For the second time in three years, the Rays’ charismatic ace will be headed to the Midsummer Classic to represent Tampa Bay and the Rays.
The 28-year-old former 5th-round pick has seen his star rise nearly continuously for the better part of the past decade. Despite the rather late draft slot, Archer honed his game in the Cleveland system for two years before being dealt to the Chicago Cubs. Archer really broke out in the Chicago system, becoming their number one prospect by the 2010 season before he was dealt to the Rays in the Matt Garza deal.
After less than two full seasons in the Rays system, he made his big league debut. If you need a refresher on his debut, you can find it here. Note the wicked slider, and note as well that he “lost” this game, despite an outstanding performance. Vintage Archer from his very first game.
Archer improved his bWAR total in each of his first four seasons, peaking with a 2015 season in which he posted an ERA of 3.23 and finished fifth in the Cy Young vote despite a 12-13 record - a minor miracle given voting tendencies of the past.
While Archer slipped a bit last season, he still topped 200 innings, made 33 starts, and struck out well over 200 batters. Since his debut, impressive innings and strikeout totals have been his most notable accomplishments.
No pitcher has made more starts than Archer (118) since the start of the 2014 season, with Max Scherzer tied for the lead. If we use innings pitched as the measuring stick, Archer slips to eighth in that time, but that is due at least in part to the Rays love for avoiding the third and fourth time through the order when a pitcher doesn’t have his best stuff. The list of pitchers with more strikeouts since 2014? It’s a veritable who’s who of the most highly-touted arms in baseball. It goes Max Scherzer, Chris Sale, Clayton Kershaw, Corey Kluber, and then our boy Archer.
It’s not often that Archer’s name is spoken in the same breath as those guys, but it’s about time it is. He’s fifth in baseball in fWAR this season, trailing those exact four names from the previous list. In terms of strikeouts per nine this season, it’s the same four studs ahead of him, with Robbie Ray also added into the mix this time. Sure, Archer’s ERA (3.95) is a bit higher than each of the Killer Quad noted before, but FIP is far more determinant of future success, and by FIP there are only six better starters than Archer this season (McCullers and Strasburg join the Killer Quad this time).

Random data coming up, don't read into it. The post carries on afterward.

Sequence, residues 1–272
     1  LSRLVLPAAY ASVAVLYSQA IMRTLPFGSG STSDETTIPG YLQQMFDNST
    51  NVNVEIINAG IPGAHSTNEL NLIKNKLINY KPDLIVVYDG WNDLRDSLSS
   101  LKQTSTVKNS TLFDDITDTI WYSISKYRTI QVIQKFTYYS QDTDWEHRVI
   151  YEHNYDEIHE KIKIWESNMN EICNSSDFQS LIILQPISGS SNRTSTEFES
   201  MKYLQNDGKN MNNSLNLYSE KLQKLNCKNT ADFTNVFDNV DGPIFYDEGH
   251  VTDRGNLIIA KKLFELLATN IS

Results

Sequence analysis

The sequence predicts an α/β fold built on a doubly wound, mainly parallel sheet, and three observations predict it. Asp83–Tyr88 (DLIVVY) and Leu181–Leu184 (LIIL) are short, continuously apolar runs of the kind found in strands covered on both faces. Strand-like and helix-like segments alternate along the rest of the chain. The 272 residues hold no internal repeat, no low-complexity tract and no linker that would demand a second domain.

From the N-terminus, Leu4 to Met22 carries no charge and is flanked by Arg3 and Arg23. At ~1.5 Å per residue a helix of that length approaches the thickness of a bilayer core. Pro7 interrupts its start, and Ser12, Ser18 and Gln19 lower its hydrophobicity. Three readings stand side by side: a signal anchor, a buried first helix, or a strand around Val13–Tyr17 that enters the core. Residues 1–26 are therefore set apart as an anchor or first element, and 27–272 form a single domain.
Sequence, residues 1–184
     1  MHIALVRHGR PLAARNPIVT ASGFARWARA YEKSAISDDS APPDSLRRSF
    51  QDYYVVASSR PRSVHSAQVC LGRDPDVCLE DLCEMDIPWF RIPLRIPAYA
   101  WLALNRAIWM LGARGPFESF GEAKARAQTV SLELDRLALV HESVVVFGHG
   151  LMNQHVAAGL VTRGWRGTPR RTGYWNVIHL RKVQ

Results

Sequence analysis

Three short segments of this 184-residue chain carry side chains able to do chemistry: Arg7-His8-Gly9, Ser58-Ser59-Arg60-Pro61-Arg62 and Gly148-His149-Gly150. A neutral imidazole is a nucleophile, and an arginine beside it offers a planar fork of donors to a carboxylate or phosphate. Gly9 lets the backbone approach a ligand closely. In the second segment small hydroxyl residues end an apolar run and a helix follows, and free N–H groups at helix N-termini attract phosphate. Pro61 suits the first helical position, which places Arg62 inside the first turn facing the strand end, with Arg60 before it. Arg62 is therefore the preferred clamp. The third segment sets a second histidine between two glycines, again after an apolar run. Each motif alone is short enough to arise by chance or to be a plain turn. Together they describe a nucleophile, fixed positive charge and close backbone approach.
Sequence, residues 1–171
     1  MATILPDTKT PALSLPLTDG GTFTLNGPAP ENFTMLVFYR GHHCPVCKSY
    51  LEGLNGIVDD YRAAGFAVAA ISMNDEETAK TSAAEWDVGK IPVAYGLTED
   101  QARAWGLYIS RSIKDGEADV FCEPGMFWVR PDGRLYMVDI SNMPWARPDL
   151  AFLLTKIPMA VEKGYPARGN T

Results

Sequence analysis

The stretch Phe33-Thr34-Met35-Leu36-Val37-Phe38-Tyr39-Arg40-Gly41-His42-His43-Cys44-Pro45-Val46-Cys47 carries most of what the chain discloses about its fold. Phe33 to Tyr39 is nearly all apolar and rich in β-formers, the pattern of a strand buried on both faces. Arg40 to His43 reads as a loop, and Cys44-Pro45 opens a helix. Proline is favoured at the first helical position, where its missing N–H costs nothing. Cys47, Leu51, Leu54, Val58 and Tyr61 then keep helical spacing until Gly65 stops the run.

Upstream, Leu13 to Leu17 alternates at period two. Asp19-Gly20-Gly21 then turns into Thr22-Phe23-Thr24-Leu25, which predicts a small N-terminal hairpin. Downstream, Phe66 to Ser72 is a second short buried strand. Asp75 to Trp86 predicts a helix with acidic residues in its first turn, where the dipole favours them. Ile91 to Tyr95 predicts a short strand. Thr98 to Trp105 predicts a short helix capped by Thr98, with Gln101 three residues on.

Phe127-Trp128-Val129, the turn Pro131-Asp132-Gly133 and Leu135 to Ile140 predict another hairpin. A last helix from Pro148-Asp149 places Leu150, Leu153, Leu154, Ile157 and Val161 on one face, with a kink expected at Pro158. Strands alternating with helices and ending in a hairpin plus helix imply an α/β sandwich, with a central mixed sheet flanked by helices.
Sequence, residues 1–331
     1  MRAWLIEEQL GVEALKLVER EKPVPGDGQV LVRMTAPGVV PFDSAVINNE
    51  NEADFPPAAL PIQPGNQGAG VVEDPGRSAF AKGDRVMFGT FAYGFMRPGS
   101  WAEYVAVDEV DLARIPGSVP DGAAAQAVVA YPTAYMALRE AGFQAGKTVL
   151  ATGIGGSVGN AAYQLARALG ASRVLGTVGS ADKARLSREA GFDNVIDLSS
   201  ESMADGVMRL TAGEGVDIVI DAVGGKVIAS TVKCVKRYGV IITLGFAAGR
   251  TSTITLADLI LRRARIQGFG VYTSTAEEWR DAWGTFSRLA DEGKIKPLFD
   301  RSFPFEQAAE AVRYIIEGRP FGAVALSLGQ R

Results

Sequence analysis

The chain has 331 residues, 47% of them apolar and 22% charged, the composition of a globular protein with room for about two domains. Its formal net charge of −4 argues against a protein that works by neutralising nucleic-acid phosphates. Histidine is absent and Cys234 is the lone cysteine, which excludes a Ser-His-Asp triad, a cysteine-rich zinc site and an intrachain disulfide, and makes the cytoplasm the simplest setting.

In sum, even if Archer has lagged in the most familiar (if suspect) metrics of ERA and wins, he has been among the most consistent and durable starters over the course of his career.
We in the Tampa Bay area, and increasingly those across the country and around the world, also know that Archer is an 80 grade human being. His charitable work began well before he signed his first big contract, and he continues to focus his philanthropic efforts in his North Carolina home town as well as the Tampa - St. Pete area. MLB has tapped him to serve as an ambassador for the sport both in outreach to under-served urban communities and in international trips to Taiwan and South Africa.
He is a passionate competitor, bouncing and bopping around the mound like a kid who got into the sugar cabinet while the parents were away for the weekend. He is a fabulous team player who advocates for his teammates, and takes seriously the role of mentor. Heck, he even called out David Ortiz for his juvenile behavior, something that ought to endear him to every Rays fan.
From his very first call-up he has shown himself to be a thoughtful observer of the game. Any chance to hear him interviewed is a treat. Apparently we are not the only ones to notice, as ESPN had him in the broadcast booth for some 2015 and 2016 postseason coverage, where he earned high critical acclaim. Of course, we very much hope he won’t be available for broadcast duties this October!
Just look at how he got to the All-Star Game this year, how can you not love this guy?
The Rays are lucky to have one of the best and most entertaining pitchers in baseball, and even better, one of the best men in baseball.